As newspaper reviewers have said, comparisons are odious but I’m going for it anyway. In 1974, The Norman Conquests trilogy was a landmark in theatre comedy, Ayckbourn’s coming of age and coming to town in the first of the interlinked/alternate ending series of plays. It was also cast with actors who WOULD BECOME household names in TV sitcoms, not those who had already achieved the dubious honour and thereby lies the failure of the Old Vic production.

Tom Courtenay and Michael Gambon already had impressive stage credentials, and it’s not fair to set their reputations against Stephen Mangan and Ben Miles respectively. Mangan is an excellent TV actor, deservedly rated for Green Wing as much as his Barclaycard adverts, but he’s miscast as the wild and woolly Norman, failing to emulate Courtenay’s touching pathos and vulnerability, and whilst magnetic on the small screen, unkempt and undressed for the stage he seems to have lost his allure.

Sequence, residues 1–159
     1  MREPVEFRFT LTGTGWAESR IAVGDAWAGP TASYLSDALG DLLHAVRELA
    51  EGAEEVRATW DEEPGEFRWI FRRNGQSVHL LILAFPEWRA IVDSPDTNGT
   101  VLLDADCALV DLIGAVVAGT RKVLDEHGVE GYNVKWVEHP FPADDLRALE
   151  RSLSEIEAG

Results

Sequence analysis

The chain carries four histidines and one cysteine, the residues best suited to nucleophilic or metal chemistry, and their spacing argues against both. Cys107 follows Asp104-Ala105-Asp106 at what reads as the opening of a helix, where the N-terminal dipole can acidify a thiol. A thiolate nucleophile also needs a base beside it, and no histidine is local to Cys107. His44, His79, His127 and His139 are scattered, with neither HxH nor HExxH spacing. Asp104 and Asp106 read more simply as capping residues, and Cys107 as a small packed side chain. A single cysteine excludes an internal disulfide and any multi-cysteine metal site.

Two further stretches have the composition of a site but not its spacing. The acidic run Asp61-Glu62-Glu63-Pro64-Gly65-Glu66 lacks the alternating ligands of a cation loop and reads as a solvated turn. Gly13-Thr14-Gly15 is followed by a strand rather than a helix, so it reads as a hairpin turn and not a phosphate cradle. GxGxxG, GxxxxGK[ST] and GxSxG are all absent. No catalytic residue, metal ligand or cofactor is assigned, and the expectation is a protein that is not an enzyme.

Ben Miles does much better in the role of Tom the vet, but his tragic flaw is simply that he is not Michael Gambon.

Ayckbourn writes best for women and two of the three female characters became archetypes for possibly two of the most popular TV characterisations ever. ‘The Good Life’ writers John Esmonde and Bob Larbey chose Felicity Kendal and Penelope Keith after seeing them perform on stage together and the characters of Margo and Barbara represent a tangible debt to The Norman Conquests.

Amanda Root doesn’t have the stature to be as commanding as Keith, and seems all the more peevish by comparison: her transcendence into passionate woman is far less believable without the physicalhauteur to set up the situation. Jessica Hynes (Stephenson) is another solidly talented TV writer and actor, but can’t achieve the girlish vulnerability of Kendal’s Annie and has been dressed appallingly by a costume designer whom I would guess didn’t live through it and has therefore treated the period as a joky freak show, instead of researching more accurately suburban fashion of the mid-70s.

Pitching the play in the round lends it a fresh initimacy, taking it back to the original Scarborough production of 1973 – although these are not necessarily characters with whom one would wish to be intimate since all of them have an unpleasant side – and this encouraged some of last night’s audience to make audible contributions. Perhaps Ayckbourn should develop an interactive script.;

Saw Andrew Lloyd Webber in the audience, I hope he’s not considering turning it into a musical.